Wolves Worry Dubois Residents

By: Shara Taylor Email
By: Shara Taylor Email

Dubois residents are taking extra measures to protect their animals and livestock from wolves.

Representatives from the Wyoming Game and Fish Department attended a Dubois city council meeting to provide safety recommendations for concerned residents after multiple sightings of the animals.

"We're starting to see wolves in town and we don't feel town is the place for wolves," said Dubois Mayor Twila Blakeman.

People have noticed wolf tracks through their barns and even by their homes. One resident said he keeps his horses closer to his home and in a group with a mule, which is likely to fight off the wolves. The mayor thinks this is wrong.

"People love their cats and dogs and we don't think it's fair that our animals should have to be on a leash constantly,” said Blakeman.

Brian Debolt, the Large Carnivore Conflict Coordinator for the Wyoming Game and Fish Department, said he feels the wolves are following the food.

"Because of the large ungulate populations around, there are a large number of wolves that follow,” said Debolt.

Ungulates are animals like deer and elk, but wolves also prey on other animals.

"They just have babies, and babies, and babies and these babies grow up and they kick them out of the pack and then they go looking for another territory," said Blakeman.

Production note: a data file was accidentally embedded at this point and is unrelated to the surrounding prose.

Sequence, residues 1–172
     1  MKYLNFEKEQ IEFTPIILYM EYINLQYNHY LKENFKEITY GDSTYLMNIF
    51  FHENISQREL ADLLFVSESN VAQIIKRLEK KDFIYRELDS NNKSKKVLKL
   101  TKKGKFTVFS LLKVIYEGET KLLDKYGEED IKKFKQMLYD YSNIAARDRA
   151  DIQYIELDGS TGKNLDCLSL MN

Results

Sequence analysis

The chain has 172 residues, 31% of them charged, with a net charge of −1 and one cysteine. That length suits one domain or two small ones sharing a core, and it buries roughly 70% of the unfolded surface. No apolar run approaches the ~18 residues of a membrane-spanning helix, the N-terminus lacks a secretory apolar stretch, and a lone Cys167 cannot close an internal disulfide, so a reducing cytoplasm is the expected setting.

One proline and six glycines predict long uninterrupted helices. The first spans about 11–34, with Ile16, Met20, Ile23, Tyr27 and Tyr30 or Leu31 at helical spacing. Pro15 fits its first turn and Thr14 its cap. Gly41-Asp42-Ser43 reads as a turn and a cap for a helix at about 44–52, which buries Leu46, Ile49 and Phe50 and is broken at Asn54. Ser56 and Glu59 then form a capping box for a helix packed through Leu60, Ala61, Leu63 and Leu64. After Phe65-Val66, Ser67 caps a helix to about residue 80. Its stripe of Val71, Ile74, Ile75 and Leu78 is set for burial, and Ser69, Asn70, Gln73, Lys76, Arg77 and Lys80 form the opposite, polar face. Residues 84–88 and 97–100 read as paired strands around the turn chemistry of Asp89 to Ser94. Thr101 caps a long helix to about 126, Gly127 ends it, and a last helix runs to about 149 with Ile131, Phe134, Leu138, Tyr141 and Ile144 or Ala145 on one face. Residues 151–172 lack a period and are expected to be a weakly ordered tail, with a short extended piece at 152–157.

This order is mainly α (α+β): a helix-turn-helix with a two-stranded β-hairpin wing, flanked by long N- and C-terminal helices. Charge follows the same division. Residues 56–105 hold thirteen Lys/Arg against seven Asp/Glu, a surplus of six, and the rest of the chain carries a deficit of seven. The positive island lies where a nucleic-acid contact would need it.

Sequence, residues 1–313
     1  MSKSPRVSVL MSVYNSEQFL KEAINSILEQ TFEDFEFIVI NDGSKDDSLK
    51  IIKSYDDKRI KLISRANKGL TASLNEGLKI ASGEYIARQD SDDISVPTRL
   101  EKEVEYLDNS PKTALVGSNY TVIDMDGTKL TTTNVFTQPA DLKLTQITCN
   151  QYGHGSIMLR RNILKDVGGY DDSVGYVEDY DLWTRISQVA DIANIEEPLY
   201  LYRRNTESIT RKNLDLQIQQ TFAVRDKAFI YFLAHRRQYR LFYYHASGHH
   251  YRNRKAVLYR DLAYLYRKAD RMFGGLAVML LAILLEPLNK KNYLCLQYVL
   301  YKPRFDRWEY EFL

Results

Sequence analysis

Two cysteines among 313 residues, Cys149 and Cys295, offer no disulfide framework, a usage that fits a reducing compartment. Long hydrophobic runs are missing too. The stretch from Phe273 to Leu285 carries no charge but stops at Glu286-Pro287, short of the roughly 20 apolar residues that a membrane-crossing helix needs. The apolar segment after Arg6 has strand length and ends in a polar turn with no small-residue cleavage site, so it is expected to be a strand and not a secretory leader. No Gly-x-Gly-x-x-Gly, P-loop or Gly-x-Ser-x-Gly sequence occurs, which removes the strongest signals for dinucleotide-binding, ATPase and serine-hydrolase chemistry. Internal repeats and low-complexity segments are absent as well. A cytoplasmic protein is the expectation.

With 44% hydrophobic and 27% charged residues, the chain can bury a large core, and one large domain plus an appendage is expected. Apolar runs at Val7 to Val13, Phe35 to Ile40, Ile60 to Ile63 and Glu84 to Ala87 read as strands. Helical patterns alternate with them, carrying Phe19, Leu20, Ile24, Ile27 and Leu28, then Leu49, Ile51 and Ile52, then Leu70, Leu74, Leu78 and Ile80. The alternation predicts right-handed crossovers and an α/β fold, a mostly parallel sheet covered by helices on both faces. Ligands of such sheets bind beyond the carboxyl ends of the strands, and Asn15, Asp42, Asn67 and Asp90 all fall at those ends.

The mayor said other carnivores have come into town but usually those animals are just passing through the area. Game and fish wardens manage the population, which is a reason Blakeman reached out to them.

"In that part of the state, they are in a trophy game area," said Jason Hunter, Regional Wild Life Supervisor for Wyoming Game and Fish in Lander. “We do have a hunting season for wolves with a quota, similar to mountain lion season, so once that quota is reached the season is closed.”

Hunter said people can defend themselves and their animals from the wolves.

"We relayed to that group there that they have every right to remove a wolf if they feel its threatening them, their pet, or livestock," said Hunter.

The mayor said she doesn't think anyone feels the wolves will hurt them, but they are concerned for their animals. Debolt said wolves present minimal danger to humans. He said attacks on people have been due to sick or injured wolves or those fed by humans. He adds people should keep their distance from wolves and control their animals because wolves are extremely territorial.


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